The Learning Design team have supported a number of units and programmes across the faculty. In this post we share some examples and feedback from academic colleagues.
Inspiring a large cohort with varying levels of understanding can be challenging. Mario Pezzino (SoSS) explains how co-creating and co-delivering alongside students boosted student engagement and trust in the syllabus.
Why we went on a spacewalk: Supporting intended learning outcomes with virtual reality (VR) in seminars
Craig Thomas (SEED) used virtual reality headsets in a seminar setting to engage students in an immersive outer space experience.
Ekaterina Kazak (SoSS) highlights the use of automated programming assessments with Gradescope to address the challenges of manual marking and provide timely feedback to economics students.
Sarah MacQuarrie (SEED) used Virtual reality headsets as part of a lecture based around visual perception. Students used an app called ‘Notes on Blindness’, an immersive, interactive storytelling experience which creates a cognitive and emotional experience of blindness.
Stephanie Sodero (SALC) challenges students to distil a key point from their research essays into a creative project designed for a target audience.
MIE lecturer and unit lead Kelly Burgoyne (SEED) went from peer assessment sceptic to champion as she developed and supported a peer assessment as learning approach on her 3rd year UG unit.
With the assistance of a student facilitator, Hannah Cobb (SALC) ran archaeology lab sessions simultaneously for in-person and online students. Read how they went about it, the benefits, and students’ feedback.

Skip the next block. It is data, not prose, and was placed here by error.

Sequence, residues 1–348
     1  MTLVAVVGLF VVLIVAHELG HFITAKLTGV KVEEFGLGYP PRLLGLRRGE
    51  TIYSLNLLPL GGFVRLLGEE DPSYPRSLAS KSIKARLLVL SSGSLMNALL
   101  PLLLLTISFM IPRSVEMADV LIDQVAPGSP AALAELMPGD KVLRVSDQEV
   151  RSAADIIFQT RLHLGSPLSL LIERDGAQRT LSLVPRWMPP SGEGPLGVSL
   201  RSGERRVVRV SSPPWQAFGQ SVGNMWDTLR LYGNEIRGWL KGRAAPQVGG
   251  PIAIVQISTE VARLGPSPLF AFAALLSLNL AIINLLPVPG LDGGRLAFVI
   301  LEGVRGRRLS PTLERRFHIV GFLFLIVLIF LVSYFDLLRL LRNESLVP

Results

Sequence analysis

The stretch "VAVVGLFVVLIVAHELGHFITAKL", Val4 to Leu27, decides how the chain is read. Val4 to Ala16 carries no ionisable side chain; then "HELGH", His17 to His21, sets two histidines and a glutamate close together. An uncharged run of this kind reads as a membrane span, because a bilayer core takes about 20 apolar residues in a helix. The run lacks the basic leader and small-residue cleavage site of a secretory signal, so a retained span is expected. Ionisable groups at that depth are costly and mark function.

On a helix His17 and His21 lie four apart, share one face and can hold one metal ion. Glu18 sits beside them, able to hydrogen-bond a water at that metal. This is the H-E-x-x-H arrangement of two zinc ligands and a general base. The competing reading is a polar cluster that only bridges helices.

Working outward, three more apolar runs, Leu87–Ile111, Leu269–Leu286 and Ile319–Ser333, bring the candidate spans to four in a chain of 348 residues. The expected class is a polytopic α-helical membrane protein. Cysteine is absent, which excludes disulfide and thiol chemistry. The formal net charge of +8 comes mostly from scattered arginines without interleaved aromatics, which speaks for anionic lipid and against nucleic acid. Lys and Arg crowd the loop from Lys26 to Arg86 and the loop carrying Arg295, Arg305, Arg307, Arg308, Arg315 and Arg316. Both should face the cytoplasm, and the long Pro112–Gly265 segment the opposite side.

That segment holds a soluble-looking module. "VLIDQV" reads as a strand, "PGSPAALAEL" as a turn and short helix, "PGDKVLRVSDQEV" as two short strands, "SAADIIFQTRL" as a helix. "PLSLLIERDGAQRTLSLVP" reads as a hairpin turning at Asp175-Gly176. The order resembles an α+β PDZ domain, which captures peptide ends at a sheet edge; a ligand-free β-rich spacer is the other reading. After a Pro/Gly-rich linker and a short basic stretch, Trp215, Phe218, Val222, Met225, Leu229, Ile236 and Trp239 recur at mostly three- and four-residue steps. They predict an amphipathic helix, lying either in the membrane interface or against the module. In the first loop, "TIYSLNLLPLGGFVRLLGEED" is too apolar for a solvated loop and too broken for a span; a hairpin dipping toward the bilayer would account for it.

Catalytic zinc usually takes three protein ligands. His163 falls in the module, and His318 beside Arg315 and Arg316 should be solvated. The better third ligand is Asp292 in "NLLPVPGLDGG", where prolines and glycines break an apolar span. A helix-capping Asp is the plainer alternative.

Why is their work better than mine? Using a showcase event to harness the power of conversation, comparative judgement, and self-generated feedback
Creating meaningful summative feedback can be time consuming, with little guarantee of student engagement. However, allowing students to display their finished work to their peers, in an event aimed to encourage dialogue and comparative judgement, can become the catalyst for the creation of, and engagement with, high-quality self-generated feedback. Case study by Alison Zimmer (AMBS)
Paul Armstrong and Stephen Rayner (SEED) use e-Portfolio tool PebblePad to allow space for reflection and to provide regular interaction and feedback on their international programme.
Using Matterport technology, the Humanities eLearning team, alongside Music Department colleagues, developed an online induction module for students, including a virtual tour of the Martin Harris Centre.
Noelle Dückmann Gallagher (SALC) describes how she uses annotation exercises to increase student participation in seminars.
Cornelia Lawson & Philip Shapira (AMBS) asked students to prepare academic posters for a group assignment.
Panos Sarantopoulos (AMBS) shares how using Blackboard quizzes regularly, alongside forums and drop-in sessions, enhances learning.
Anonymous peer to peer review, even without students commenting on each other’s work is an effective way of developing skills such as writing style and structure in essay writing. Jenni Rose (AMBS) shares how students can also gain confidence in themselves from this process and become connected independent learners.
In this example Katherine Smith (SoSS) explains how she developed open debate as the method of assessment and feedback for her social anthropology module to respond to and celebrate diversity in the student cohort.
Reimala Sivalingam and Jennifer Rose (AMBS) describe how they used an Academic Advising workbook to enable students to thrive by fully supporting their academic, well-being and employability needs.
Nicky Nielsen (SALC) shows us how he used Virtual Reality to take his students on a tour of the tomb of Ramesses VI in Egypt.
Chris Godley (AMBS) explains how he used the ForceRank app in weekly sessions to drive student engagement with financial news and current affairs.
Sandra Torres (SALC) describes how she used VoiceThread (VT) to engage students in active language learning during asynchronous teaching. VT was used to present content, develop communicative skills using interactive tasks and to provide formative feedback.